F Cancer founder Yael Cohen’s logic is simple: if you’re going to be dealing with cancer on a daily basis, you better be tough as nails. Cohen makes new team members jump through a lot of hoops to get hired: they have to serve as an intern for a month and are purposefully and repeatedly put under pressure.
“Cancer is my day in and my day out,” says Cohen. “I often deal with people on the shittiest days of their lives.” So, she says, she has to make sure her employees are up to the task.
But because the bad news can come fast and furious, F Cancer makes a point of keeping things light-hearted, both internally and externally.
“When you’ve lost your sense of humor,” reads the group’s website, “you’ve lost it all.”
Based in Vancouver, F Cancer was founded after Cohen’s mother was diagnosed in 2009. Cohen gave her mom a t-shirt printed with the words “Fuck Cancer.” Wearing it everywhere, her mom was often approached by complete strangers offering support, and a movement was born.
Since then, F Cancer has made headlines for the way that it is reframing the way we think about charity. Namely: it leverages technology and social media to exclusively target young people using a refreshing mix of humor and honesty.
The charity’s playful name and campaigns aren’t just window dressing, either, Cohen says it all starts with a great company culture created by doing things a bit differently.
F Cancer founder Yael Cohen (right) and her mother.
What’s your litmus test to make sure you hire the right people?
I want to know how do people react when shit hits the fan. Everyone we hire works for free as an intern for a month first and I will give them tasks that are impossible on purpose just to see what happens. Do they lose their shit? Do they blame themselves? Do they take it out on someone else?
Do you tell them that you are “testing” them?
I never tell them. Though sometimes they figure it out. You want to see people happy and sparkly so they can turn that on when they need to, but you need to see what happens when they fail. As a team we’re going to fail. As individuals we’re going to fail.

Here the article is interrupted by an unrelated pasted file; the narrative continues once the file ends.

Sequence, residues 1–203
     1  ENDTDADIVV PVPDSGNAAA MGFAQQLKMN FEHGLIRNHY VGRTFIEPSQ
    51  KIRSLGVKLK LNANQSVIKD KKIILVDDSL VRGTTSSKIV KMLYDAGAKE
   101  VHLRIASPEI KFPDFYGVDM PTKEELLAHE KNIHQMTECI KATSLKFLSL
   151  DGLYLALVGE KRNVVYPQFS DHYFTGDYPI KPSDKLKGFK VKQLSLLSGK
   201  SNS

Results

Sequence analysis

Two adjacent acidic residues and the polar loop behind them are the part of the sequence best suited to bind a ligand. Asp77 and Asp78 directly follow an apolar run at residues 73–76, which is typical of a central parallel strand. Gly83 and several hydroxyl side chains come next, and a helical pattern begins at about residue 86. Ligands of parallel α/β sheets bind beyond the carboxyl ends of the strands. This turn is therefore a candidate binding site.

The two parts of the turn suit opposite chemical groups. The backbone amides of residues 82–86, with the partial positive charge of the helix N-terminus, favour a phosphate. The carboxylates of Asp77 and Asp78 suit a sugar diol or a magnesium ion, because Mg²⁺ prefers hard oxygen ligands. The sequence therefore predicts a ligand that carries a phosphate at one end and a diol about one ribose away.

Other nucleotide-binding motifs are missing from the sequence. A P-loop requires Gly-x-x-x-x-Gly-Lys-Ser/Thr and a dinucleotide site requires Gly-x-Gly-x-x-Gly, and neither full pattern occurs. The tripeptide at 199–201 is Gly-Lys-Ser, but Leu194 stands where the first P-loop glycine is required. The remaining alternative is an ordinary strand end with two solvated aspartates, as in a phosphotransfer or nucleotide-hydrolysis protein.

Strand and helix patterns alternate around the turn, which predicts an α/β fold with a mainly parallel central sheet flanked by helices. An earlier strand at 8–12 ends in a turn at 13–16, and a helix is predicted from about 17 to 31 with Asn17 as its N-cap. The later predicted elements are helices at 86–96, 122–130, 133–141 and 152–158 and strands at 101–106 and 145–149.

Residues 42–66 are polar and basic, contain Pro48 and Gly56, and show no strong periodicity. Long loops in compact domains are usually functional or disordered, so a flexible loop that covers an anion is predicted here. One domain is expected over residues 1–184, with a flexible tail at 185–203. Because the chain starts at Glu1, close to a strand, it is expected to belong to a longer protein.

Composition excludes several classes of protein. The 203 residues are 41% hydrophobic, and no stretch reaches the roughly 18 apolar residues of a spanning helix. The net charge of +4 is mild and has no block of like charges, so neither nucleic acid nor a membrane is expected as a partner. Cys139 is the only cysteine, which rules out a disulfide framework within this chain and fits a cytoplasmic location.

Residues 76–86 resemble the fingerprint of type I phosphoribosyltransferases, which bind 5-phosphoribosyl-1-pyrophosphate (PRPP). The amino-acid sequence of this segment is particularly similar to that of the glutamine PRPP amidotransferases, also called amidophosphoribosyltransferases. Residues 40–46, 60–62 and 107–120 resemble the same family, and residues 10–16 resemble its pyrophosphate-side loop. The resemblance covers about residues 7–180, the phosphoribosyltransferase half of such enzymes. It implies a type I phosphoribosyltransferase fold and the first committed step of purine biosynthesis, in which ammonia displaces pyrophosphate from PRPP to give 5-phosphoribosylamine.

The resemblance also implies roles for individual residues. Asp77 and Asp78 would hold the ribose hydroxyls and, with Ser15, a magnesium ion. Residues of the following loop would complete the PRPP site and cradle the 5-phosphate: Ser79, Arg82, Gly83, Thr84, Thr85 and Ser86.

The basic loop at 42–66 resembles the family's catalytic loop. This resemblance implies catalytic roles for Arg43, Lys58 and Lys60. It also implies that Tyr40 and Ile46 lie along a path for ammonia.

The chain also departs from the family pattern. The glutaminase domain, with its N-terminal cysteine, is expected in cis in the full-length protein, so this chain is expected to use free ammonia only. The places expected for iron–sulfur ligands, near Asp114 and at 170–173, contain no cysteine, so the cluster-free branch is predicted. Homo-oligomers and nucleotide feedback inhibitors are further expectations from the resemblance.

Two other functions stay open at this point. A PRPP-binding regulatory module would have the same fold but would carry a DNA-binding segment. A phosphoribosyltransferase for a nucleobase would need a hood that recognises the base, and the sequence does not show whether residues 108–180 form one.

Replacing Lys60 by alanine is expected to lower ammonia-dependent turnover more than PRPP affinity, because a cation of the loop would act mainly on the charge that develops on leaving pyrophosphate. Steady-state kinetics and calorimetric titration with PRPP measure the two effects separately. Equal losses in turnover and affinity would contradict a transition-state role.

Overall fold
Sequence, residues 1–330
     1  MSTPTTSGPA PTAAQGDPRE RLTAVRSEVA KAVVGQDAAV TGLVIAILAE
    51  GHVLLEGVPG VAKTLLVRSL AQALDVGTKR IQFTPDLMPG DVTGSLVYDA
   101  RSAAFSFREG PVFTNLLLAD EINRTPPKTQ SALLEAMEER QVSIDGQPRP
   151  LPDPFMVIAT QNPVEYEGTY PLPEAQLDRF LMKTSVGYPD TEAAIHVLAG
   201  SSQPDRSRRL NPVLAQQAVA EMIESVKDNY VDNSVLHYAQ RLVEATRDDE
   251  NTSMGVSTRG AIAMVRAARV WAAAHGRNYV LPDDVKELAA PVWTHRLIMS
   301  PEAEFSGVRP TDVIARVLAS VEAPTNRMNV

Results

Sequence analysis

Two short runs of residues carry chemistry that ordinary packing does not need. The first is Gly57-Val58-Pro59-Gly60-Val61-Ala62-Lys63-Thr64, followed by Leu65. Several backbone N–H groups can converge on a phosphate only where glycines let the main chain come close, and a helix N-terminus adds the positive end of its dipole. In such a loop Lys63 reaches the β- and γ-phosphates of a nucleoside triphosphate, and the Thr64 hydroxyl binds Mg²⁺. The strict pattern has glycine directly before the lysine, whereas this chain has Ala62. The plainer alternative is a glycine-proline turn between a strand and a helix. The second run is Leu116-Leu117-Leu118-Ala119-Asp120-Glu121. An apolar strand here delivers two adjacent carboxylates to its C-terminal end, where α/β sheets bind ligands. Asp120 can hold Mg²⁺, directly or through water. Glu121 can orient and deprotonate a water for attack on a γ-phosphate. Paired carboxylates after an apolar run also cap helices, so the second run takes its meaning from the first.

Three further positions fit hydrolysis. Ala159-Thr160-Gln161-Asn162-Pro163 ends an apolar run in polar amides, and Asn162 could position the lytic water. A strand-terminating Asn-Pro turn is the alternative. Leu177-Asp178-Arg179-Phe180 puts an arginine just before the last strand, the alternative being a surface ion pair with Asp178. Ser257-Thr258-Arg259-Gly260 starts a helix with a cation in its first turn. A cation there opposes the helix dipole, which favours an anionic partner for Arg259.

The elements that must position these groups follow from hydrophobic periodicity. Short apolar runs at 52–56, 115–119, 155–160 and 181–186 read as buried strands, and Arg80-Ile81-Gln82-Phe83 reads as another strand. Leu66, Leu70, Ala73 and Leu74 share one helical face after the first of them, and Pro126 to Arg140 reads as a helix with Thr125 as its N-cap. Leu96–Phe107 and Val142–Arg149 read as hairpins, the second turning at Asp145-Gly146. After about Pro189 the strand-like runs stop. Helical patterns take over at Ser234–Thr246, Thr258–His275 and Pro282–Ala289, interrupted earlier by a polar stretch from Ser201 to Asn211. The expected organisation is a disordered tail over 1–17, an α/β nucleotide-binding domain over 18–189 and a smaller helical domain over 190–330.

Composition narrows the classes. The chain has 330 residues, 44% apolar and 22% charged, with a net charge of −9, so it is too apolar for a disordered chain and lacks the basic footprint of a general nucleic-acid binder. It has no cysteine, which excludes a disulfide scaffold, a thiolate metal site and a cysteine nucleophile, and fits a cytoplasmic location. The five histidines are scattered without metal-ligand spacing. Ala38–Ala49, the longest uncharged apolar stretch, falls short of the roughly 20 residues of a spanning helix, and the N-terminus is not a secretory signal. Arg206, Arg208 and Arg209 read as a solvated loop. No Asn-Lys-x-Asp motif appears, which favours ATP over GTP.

Have you ever not hired someone afterwards?
Yes, I’ve fired four people over the last three years and at least one was from that exercise. If you’re not a good fit for this team, you’re not only damaging our work environment, you’re potentially damaging the experience of hundreds of thousands of community members. It’s not about us. If, at some point I’m the problem, I’ll leave, too.
Are there any other things you do to ensure a good team?
The first time someone comes in for interview I am so harsh. I tell them the worst part of everything. I tell them I’m going to call them at 11:30 at night and need something.
So they walk out thinking you’re crazy?
I want them to see the worst of it. The reality is our day-to-day rocks. We have healthy food everywhere. I give out gym memberships. The best people and minds are constantly coming through our office. If you’re an intern in marketing, I can give you access to your heroes.
This is about making the company better, which starts with making your team better. I want them at their personal best. I need them to see that there are days when one of us loses someone we love. Or we lose a supporter that has written on our Facebook wall every three days for two years.
There can be a heaviness in the office sometimes. We don’t want to create a environment where we get upset and pick at each other. We have written on the wall “Be kind for everyone you meet is fighting their own fight.” It’s important to know that we all need to have compassion.
When disagreements come up, how do you manage that?
I think that you have to have a fundamental love, trust, and respect for each other. It’s going to get heated, we are going to argue. We shout, we argue.
But it’s because we really care about what we do. You have to know it’s based on a will to do the best possible thing for the charity. I don’t think you’re stupid, I just disagree with your idea. It’s not about you. “Ego will kill all talent.” That’s on our wall, too. It’s about something so much greater.
What else is on the wall?
“Pigs fly just fine with sufficient thrust.”
“Don’t cut anything that can be untied.”
We have chalkboard walls so they can change. One of our girls is a crier, so, as a joke, we draw a teardrop for every time she cries. There was even a “thats what she said” wall that unfortunately made its way into some copy on our website. [laughs]
When culture goes too far…
That’s our culture, it’s ridiculous sometimes but it runs so deep. Sometimes, we are so tight-knit that we think something is a good idea. But then we run it by an advisor who, rightfully, calls us crazy. That’s why it’s important we all don’t work on everything.
Collaboration is important but so is autonomy. I always say: “Don’t hold each other’s hands.” If you need someone to look over it, fine, but we don’t want homogenization. It’s why we split up when we work and make sure to write briefs before projects and debriefs after we’re done, so we can all learn.
Everything. When you have a small team, making sure you’re getting better is really important.
What about you?
How do you make sure you surround yourself with a great team?